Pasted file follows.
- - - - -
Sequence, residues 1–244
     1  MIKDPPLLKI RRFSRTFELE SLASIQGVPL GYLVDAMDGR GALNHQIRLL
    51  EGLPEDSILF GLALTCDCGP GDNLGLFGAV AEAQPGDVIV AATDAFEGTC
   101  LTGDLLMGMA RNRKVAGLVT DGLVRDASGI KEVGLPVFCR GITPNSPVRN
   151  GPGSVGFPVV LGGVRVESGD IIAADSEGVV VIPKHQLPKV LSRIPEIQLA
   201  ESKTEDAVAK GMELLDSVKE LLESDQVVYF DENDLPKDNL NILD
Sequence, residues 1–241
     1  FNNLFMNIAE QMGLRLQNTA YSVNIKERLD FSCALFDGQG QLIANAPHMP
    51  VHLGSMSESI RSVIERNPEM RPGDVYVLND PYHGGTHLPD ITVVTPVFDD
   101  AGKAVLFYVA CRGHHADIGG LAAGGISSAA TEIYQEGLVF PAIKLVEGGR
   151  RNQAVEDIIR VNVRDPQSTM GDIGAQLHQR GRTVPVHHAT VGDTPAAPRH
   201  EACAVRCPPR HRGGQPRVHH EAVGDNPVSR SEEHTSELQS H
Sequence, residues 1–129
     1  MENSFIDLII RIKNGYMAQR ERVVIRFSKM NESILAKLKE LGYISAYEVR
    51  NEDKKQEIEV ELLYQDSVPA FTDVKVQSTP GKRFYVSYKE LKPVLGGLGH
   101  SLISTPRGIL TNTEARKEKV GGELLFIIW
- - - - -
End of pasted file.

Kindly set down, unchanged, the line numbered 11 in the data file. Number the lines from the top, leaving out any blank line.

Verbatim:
   151  RNQAVEDIIR VNVRDPQSTM GDIGAQLHQR GRTVPVHHAT VGDTPAAPRH